The Salma family, outside their caravan that is set to be demolished.
The Salma family, outside their caravan that is set to be demolished. Photo by Emil Salmon
Text size
related tags

Jerusalem Mayor Nir Barkat on Wednesday signed demolition orders for two trailer homes in East Jerusalem that house Palestinian families whose former homes were torn down by the city. The structures were put up by the UN Office for the Coordination of Humanitarian Affairs and its emergency pooled fund, the Humanitarian Response Fund.

Foreign Ministry and city officials on Wednesday accused OCHA of repeatedly violating accepted protocols regarding the operation of international organizations.

OCHA officials said the trailers, in the Beit Hanina neighborhood, do not require a license from the municipality because they are not hooked up to city utilities or attached to foundations and they are a stopgap, emergency solution only for the homeless families in each one.

But the municipality and the Foreign Ministry dismissed OCHA's explanations, saying the move constitutes a ratcheting up of intervention in Jerusalem by an international agency.

"Israel is not a banana republic, but a state of law and order," the municipality said in a statement. "The UN can help to advance the residents' quality of life in keeping with the law and we hope the construction violation at the site is not in accordance with the UN."

The trailers bear OCHA's emblem as well as the flags of HRF's donor countries: Britain, Sweden, Switzerland, Norway, Spain, The Netherlands and Ireland. Municipal officials said the flags were a ploy to embroil Israel in embarrassing pictures of destroying trailer homes donated by friendly states.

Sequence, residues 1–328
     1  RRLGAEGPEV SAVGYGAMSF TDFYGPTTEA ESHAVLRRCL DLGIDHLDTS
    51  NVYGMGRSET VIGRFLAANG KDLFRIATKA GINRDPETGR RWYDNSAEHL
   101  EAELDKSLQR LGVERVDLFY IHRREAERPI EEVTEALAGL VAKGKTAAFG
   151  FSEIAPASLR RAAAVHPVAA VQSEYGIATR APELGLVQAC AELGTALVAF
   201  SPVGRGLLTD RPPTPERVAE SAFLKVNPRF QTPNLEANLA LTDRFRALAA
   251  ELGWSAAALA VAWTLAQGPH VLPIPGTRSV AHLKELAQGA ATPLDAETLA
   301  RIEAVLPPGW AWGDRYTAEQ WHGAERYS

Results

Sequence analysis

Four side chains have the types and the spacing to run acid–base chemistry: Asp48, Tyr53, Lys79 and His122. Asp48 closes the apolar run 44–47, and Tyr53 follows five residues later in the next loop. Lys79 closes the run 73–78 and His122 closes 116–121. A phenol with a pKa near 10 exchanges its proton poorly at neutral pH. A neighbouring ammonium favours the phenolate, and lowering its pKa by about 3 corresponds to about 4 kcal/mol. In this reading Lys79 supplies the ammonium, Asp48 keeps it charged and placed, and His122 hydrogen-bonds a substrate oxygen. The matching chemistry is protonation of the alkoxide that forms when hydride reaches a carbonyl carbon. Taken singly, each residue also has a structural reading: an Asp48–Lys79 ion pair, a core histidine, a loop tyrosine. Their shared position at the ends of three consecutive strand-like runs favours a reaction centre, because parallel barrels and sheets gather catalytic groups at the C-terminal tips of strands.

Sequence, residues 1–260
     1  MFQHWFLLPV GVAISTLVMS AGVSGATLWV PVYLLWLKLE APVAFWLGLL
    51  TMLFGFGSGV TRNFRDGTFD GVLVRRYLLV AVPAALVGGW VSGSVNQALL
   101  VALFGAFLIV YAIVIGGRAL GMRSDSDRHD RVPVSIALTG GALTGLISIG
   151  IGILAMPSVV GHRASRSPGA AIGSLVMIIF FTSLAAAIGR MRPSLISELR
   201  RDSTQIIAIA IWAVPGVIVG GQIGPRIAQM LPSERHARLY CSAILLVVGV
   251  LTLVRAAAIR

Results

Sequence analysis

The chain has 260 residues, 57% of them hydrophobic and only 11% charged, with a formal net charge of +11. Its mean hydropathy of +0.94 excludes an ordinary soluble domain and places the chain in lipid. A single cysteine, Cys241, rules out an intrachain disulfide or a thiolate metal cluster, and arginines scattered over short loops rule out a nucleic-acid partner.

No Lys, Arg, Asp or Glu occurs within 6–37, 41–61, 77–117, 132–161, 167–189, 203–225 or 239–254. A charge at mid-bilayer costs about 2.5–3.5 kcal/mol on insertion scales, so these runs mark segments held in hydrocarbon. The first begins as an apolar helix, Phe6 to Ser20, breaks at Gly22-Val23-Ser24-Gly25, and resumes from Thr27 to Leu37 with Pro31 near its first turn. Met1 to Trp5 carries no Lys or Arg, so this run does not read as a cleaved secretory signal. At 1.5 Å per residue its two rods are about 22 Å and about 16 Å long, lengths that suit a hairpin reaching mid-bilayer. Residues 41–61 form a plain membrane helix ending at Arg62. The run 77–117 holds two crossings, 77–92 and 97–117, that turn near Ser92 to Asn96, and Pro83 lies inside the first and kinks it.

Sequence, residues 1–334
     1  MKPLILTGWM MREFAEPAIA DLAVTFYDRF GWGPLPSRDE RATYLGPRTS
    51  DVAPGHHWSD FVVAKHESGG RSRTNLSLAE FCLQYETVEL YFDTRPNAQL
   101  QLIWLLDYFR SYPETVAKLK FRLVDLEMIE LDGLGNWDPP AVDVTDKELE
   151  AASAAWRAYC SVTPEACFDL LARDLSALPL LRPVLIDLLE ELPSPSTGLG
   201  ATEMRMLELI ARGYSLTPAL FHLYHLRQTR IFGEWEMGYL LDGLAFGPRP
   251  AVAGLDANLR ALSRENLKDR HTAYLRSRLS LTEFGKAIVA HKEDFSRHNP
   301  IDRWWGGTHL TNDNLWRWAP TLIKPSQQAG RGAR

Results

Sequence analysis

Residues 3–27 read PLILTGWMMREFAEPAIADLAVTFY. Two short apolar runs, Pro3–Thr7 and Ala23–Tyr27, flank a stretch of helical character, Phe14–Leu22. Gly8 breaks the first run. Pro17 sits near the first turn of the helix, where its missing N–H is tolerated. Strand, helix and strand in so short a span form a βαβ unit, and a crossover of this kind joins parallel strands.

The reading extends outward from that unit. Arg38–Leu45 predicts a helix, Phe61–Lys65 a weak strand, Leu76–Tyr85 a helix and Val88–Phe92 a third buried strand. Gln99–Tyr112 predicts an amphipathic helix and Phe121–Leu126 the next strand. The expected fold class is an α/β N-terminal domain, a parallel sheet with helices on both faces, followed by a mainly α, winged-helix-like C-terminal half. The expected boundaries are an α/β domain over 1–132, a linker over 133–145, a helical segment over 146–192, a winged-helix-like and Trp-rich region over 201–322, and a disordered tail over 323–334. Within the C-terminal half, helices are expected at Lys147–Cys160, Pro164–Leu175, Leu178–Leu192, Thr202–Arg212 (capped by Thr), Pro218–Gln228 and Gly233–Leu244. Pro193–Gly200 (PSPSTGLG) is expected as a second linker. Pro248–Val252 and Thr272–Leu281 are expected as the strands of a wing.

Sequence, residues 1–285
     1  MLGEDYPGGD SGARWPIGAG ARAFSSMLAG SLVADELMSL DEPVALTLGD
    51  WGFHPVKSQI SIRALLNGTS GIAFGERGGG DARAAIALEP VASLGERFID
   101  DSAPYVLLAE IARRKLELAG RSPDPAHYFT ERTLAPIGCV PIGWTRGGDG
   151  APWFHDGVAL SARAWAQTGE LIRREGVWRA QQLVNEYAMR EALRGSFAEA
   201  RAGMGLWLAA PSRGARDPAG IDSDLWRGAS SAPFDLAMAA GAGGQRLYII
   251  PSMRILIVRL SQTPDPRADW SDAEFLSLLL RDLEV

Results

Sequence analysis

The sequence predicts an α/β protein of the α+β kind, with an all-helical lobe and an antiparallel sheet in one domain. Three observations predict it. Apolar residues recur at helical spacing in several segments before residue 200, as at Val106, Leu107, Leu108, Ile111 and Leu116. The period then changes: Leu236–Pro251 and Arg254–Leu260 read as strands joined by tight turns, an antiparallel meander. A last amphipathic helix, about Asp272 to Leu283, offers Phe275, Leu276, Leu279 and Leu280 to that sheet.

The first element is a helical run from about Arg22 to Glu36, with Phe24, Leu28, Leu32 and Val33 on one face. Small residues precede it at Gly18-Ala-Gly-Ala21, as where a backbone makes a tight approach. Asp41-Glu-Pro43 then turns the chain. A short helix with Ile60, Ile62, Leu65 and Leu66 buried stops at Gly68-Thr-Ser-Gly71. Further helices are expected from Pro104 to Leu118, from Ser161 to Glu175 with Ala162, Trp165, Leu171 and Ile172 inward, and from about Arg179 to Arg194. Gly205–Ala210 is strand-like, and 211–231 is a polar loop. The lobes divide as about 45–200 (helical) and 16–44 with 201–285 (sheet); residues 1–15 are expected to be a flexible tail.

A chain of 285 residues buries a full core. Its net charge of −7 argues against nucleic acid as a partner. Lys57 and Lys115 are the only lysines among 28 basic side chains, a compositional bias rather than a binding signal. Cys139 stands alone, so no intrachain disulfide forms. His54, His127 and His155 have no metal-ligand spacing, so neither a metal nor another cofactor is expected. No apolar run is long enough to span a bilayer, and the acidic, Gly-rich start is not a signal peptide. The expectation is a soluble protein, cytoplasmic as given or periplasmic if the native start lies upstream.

All six members of the Salma family, whose home was demolished twice by the municipality because it lacked building permits, now live together in a cramped, 40-square-meter trailer home. The Salmas were unable to obtain permits because the city refuses to grant construction permits for the area.

City council member Meir Margalit (Meretz ) commended OCHA's help to the families. "This is the first time the agency has taken a proactive step rather merely criticize. This is not the time to quarrel with the UN and Europe because of two trailers," he said.

About four months ago Israel's ambassador to the UN, Ron Prosor, called for the dismissal of an OCHA official who posted a photo of a dead Palestinian girl covered in blood to her Twitter account, accusing Israel of killing the girl.

In fact, the photograph was of an accident victim. Khulood Badawi, OCHA's information and media coordinator in Jerusalem, who tweeted the photo and the accusation, was suspended due to Israeli pressure.

An Israeli official yesterday accused OCHA of exceeding its mandate by publishing critical reports of Israel and acting in the territories without coordination. "They're not supposed to take a stand in the conflict, they're supposed to be a humanitarian agency," he said.

The Foreign Ministry spokesman said: "The Jerusalem municipality acted according to the law and procedures and gave a 30-day extension for complaints regarding the demolition order. This is not the first time OCHA has breached the law and customary procedures and we take a grim view of it."